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Social Media as a Learning Tool: Sport Management Faculty Perceptions of Digital Pedagogies

Katie Lebel, Karen Danylchuk, and Patti Millar

This research explored the use of social media within the sport management discipline in a North American context, specifically investigating how sport management academicians use social media as a teaching and learning tool. An online survey garnered the social media literacies of sport management faculty (N = 132). Compared with cross-discipline studies that have measured similar interests, sport management faculty appear to have a limited awareness of social media applications. Only 61% of study participants reported having incorporated social media into their course design. While a majority of faculty agreed that the use of social media in education can provide positive enhancement to both teaching and learning, in practice, participant social media teaching strategies were narrowly employed. Results suggest a potential disconnect between the digital pedagogies currently employed by sport management faculty, the expectations of students, and most importantly, the demands of the sport industry.

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Theory and Social Media in Sport Studies

Gashaw Abeza and Jimmy Sanderson

Over the past 2 decades, the use of social media has expanded rapidly in the sport industry. Platforms such as Facebook, Twitter, Instagram, TikTok, and YouTube are an integral part of today’s sporting culture. The reach and scope of social media has particularly impacted various aspects of the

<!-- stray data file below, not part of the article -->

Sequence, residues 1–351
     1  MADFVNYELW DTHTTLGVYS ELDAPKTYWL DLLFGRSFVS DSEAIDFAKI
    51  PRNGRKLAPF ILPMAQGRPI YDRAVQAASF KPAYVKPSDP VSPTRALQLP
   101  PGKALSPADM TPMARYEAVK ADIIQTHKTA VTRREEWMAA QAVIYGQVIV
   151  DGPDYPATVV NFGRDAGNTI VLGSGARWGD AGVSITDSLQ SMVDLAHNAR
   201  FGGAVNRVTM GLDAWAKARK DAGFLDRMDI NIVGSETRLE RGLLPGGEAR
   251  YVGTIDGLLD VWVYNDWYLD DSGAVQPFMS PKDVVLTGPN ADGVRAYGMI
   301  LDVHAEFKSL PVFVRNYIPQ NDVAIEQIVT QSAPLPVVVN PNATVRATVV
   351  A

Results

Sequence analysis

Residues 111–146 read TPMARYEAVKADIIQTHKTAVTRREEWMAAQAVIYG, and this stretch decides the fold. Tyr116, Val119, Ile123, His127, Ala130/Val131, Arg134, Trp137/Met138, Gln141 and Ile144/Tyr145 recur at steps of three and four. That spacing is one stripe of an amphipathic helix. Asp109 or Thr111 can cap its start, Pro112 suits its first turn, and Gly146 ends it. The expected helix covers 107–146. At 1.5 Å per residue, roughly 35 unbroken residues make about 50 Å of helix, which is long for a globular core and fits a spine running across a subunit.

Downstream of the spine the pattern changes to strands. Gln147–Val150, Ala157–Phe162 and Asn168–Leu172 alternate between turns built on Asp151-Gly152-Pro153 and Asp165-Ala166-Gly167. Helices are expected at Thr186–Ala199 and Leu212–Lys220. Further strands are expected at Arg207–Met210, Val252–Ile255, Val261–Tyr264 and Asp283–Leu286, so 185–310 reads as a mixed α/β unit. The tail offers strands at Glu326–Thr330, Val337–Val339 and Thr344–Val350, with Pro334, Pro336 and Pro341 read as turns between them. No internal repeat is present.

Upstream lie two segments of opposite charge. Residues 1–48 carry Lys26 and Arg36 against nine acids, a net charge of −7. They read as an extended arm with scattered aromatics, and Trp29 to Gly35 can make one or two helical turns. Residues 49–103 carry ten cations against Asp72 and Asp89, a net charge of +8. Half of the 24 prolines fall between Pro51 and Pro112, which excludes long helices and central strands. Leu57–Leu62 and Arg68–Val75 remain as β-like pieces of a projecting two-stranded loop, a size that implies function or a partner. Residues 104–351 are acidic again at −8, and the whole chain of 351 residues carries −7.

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Regulating Student-Athlete’s Inappropriate Social Media Usage

Peter Han, Mark Dodds, Tara Mahoney, Kristi Schoepfer, and Justin Lovich

Social media platforms, such as Facebook, Twitter, Instagram, YouTube, and Snapchat, have become extremely popular; they serve as tools to connect individuals in a public forum. However, collegiate student-athletes use social media to send messages that may reflect poorly on their educational institutions. For example, student-athletes have posted profanity, obscene messages, compromising photographs, and even threatened the President of the United States while using social media. These messages create negative publicity for the college since athletics and student-athletes are a visible aspect of the institution. As such, inappropriate social media use has become a major concern with college athletic departments. Because the NCAA requires member institutions to adequately and consistently monitor social networking activity, colleges have responded to the actions by disciplining student-athletes that use social media negatively to voice their opinions; in some cases, this punishment has been as severe as actually dismissing the student-athlete from his or her team. But, how does this action impact the public relations of the athletic department? Further, does it subject the college to possible legal action?